Category: Archive

Business Briefs Ireland needs 200,000 workers in next 5 years

February 16, 2011

By Staff Reporter

By Harry Keaney

So bad is the current shortage of workers in some sectors in Ireland that the government is now planning to fast-track applications for work permits.

Last weekend, while attending a jobs fair in South Africa, Tanaiste Mary Harney said she was considering allowing FAS, a government recruitment and training agency, as well as reputable private companies, to issue work permits directly.

Harney also said the State needs new labor to remain competitive, avoid a wage spiral and implement the National Development Plan. This would require an additional 200,000 workers by 2006, she said. FAS director general Roddy Molloy said there are now 40,000 vacancies in Ireland.

In addition, Harney said the government is considering extending a visa plan to cover foreign workers with accounting qualifications. It currently applies only to computer and building specialists and to nurses.

The jobs fair in Capetown was attended by almost 20,000 people during two days. It later moved to Johannesburg.

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The fairs in South Africa are part of a series in which FAS has attempted to hire people in Prague, Berlin, London and Newfoundland.

Business speaker

Dr. Eleanor O’Higgins, professor of strategic management and business ethics at the Michael Smurfit Graduate School of Business at University College Dublin, will speak on Dec. 5 at noon at The Metropolitan Club, One East 60th St., Manhattan. She will talk about "What Matters Most? A New Business Agenda for the Stakeholder Era."

Taxi, please

Visitors to Dublin may soon find it a little easier to get a taxi. Last week, Bobby Molloy, a government junior minister, announced that he is allowing 150 new taxi licenses a week for the foreseeable future.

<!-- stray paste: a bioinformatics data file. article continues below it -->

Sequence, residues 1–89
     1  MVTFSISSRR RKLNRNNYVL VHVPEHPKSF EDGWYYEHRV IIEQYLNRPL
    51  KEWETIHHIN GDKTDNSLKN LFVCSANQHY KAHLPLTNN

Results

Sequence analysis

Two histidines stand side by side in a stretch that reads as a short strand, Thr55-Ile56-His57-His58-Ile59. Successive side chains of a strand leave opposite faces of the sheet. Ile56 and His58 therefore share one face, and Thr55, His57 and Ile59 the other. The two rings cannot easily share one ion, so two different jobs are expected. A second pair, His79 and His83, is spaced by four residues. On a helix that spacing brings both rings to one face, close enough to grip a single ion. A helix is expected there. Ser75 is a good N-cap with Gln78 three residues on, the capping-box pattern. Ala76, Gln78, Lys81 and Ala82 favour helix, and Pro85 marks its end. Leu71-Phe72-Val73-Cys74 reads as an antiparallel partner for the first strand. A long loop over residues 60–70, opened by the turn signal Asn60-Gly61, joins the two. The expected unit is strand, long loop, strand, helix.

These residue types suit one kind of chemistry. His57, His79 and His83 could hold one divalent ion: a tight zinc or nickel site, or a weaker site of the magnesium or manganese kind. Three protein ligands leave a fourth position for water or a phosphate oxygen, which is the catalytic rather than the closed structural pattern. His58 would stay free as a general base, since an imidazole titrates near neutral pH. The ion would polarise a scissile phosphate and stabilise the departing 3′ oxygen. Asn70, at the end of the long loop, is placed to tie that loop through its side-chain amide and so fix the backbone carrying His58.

Now, anyone with a clean driving record and a car that meets safety standards may apply for one of the £5,000 licenses. The cost is just £100 for wheelchair-accessible vehicles.

However, there are fears that the opening up of the Dublin taxi market may not go smoothly with fears of reprisals from taxi drivers hitting companies which instal meters in cabs.

There are only a handful of firms in Dublin where cab drivers can have meters installed. The owner of one company told the Irish Independent he plans to stop fitting meters "because of the climate of intimidation that surrounds the current taxi dispute."

As many as 2,000 people have already collected an application for a taxi license from Dublin Corporation’s offices, and the first batch of successful applicants are expected to be on the road this week. But these plans could be thrown into disarray if drivers cannot get their meters fitted.

Jobs for Cavan

More than 700 new jobs are to be created in Cavan Town by Boston-based company Teradyne in a £50 million expansion.

Teradyne supplies telephone and electronic testing equipment.

Election in the air?

There is increased speculation that next year may well be an election year in Ireland. That’s because government figures released last week show that Finance Minister Charlie McCreevy intends to vastly increase spending next year in election-sensitive sectors such as health, education, welfare, child care and the transport system.

What exactly McCreevy has in mind will be revealed Dec. 6, which is budget day in Ireland.

Government spending estimates for next year show an almost extra £1.5 billion extra for the day-to-day running of the country and £740 million more for investment in roads, railways, sewers, waterworks and services to facilitate the building of more than 50,000 houses.

Tax rates are also expected to be cut.

Bank warning

Ireland’s central bank has issued a warning about three investment firms, which, it says, are conducting unauthorized business in the country.

They are two Philippines-registered companies, Trident International and Sterling Capital Corporation, and one New York firm, Everest 1 Inc.

"The firms have been recommending the purchase of shares to members of the Irish public. It is a criminal offense for an investment firm to operate in Ireland unless it has an authorization from the central bank," the central bank’s warning says.

Thanks and farewell

This item is both a first and a last. A first because business briefs has never been personal, a last because, like thousands of other Irish immigrants, I am returning to Ireland to take my chances in its Celtic Tiger economy. So, to all those who contacted me during the years, whether it was with praise, criticism, suggestions or tips, thank you. Thanks also to the many who shared their time and thoughts by allowing me interview them.

Above all, my gratitude to you, the readers.


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